President Obama has yet to make a decision on who he’ll name as the next chair of the Federal Reserve, but one financial guru not interested in the job is retired gay Rep. Barney Frank.
Frank, who formerly represented Massachusetts as the longest-serving openly gay member of the U.S. House, told the Washington Blade on Tuesday he has no interest in the job.
“It’s not on anybody’s radar screen,” Frank said. “If it were offered it, I would not be interested. It’s a 14-year term. I’m 73 years old. It ought to be a felony for a 73-year-old to accept a 14-year term, and I’m just tired out after 45 years.”
Some see Frank as a good fit as for chair of the Federal Reserve because he served as chair of the House Financial Services Committee and took a lead role in crafting financial reform legislation commonly known as Dodd-Frank.
But Frank said he also doesn’t have the expertise to head up the governmental institution responsible for serving the central banking system of the United States.
“To be honest, I am not an economist and I’ve studied a lot of stuff, but I think you have to be a better technical economist than I am to even be considered,” Frank said.
Further, Frank said “there’s no remote possibility” that Obama would name him for the position because Republicans would obstruct his confirmation in the Senate.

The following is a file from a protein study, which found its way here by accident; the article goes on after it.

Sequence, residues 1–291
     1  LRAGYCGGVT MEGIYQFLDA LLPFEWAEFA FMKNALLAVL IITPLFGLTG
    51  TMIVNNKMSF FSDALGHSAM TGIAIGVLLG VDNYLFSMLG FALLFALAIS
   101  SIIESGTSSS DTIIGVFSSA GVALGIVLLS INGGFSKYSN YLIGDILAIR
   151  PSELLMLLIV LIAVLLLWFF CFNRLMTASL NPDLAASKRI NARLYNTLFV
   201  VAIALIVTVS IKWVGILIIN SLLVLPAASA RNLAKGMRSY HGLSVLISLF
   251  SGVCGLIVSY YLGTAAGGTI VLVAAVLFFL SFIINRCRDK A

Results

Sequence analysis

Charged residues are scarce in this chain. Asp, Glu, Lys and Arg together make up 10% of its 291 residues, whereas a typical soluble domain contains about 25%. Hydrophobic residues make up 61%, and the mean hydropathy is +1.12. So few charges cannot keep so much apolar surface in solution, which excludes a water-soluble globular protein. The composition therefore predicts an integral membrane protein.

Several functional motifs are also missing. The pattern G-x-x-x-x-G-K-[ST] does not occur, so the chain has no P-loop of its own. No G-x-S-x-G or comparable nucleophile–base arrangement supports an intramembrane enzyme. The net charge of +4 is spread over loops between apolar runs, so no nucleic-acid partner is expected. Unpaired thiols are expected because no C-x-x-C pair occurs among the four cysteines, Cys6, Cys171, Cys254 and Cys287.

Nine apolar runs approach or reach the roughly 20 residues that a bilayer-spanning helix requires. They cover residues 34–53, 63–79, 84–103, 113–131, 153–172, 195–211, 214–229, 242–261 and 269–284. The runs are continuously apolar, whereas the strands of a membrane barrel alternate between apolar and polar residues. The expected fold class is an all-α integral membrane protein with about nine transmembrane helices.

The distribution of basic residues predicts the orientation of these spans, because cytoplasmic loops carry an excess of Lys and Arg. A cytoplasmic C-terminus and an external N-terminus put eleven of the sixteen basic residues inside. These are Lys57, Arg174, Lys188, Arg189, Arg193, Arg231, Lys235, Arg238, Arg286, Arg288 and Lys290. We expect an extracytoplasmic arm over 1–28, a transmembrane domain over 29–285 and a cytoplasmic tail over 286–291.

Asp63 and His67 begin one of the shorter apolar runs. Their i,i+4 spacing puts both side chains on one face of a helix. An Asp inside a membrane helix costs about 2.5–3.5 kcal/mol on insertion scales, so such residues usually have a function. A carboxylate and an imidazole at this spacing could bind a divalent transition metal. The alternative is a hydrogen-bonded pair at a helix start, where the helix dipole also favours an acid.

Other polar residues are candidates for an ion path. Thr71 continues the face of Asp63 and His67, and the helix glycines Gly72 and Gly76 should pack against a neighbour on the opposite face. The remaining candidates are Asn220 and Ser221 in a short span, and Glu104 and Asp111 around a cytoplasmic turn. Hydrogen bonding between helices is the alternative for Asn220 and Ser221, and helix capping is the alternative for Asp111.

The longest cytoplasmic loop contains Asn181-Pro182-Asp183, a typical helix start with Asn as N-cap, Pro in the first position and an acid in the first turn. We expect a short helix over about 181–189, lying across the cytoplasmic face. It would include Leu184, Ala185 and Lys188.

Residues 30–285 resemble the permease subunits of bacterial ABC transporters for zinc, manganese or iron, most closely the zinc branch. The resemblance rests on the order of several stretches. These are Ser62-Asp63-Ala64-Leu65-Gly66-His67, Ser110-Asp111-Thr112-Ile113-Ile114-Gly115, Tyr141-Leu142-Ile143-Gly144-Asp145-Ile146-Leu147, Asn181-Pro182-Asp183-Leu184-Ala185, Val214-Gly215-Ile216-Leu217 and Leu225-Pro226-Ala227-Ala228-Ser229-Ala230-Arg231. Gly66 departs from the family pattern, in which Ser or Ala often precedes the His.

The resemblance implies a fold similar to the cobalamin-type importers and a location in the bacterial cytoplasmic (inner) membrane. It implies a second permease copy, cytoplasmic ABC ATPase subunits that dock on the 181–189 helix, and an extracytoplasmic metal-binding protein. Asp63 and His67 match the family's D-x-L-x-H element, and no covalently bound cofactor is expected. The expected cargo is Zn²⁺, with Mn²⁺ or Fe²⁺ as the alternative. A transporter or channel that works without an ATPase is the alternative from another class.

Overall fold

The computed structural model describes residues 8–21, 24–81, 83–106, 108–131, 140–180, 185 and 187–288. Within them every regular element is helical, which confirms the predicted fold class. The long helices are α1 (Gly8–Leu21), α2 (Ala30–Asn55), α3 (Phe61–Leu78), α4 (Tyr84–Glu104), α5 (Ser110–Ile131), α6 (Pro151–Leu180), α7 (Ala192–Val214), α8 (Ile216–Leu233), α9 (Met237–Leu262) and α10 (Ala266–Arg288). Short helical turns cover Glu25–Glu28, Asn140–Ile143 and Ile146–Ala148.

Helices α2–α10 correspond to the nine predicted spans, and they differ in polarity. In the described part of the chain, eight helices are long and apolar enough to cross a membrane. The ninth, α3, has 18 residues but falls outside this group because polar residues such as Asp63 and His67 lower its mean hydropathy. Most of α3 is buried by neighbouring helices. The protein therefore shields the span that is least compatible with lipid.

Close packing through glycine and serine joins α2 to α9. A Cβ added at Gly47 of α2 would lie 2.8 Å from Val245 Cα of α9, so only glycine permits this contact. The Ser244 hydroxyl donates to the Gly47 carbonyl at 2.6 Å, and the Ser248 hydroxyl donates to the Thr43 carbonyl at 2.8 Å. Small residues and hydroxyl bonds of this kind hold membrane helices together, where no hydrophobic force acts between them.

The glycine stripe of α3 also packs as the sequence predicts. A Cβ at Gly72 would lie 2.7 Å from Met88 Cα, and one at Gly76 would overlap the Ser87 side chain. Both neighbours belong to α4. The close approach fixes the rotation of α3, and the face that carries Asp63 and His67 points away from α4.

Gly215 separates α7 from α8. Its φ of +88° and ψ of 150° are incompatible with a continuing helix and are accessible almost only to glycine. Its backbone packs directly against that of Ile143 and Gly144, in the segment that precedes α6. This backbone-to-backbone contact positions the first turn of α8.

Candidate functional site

“Given the fear that most Republican senators have of alienating the right-wing who vote in their primaries, there’s no way any of them would want to be accused of having supported me,” Frank said. “Voting for a chair of the Federal Reserve in a same-sex marriage would be toxic in their primaries.”
Speculation on who would be named the next chair of the Federal Reserve intensified on Sunday after Larry Summers, former director of the White House National Economic Council, withdrew his name from consideration before Obama named anyone to the post.
White House Press Secretary Jay Carney said Tuesday Obama hasn’t made a decision on who’ll be the nominee and the selection process is ongoing.
“And obviously Larry Summers has asked not to be considered and the process moves forward,” Carney said. “And when the president has an announcement, that’s when you’ll hear what his decision is.”
Another widely cited possibility as successor for outgoing chair Ben Bernanke is Janet Yellin, vice chair of the Federal Reserve. According to the Huffington Post, she’s already received an endorsement from Sen. Chuck Schumer (D-N.Y.).
Frank said he backs the idea of selecting a nominee such as a woman or an openly gay person who would break the glass ceiling for a minority group.
“I think that’s true of any position,” Frank said. “I think diversifying beyond straight white guys is a good thing. It’s great President Obama has made some progress on that. But yeah, I’m sorry Chris Quinn didn’t get elected mayor of New York. I was a believer.”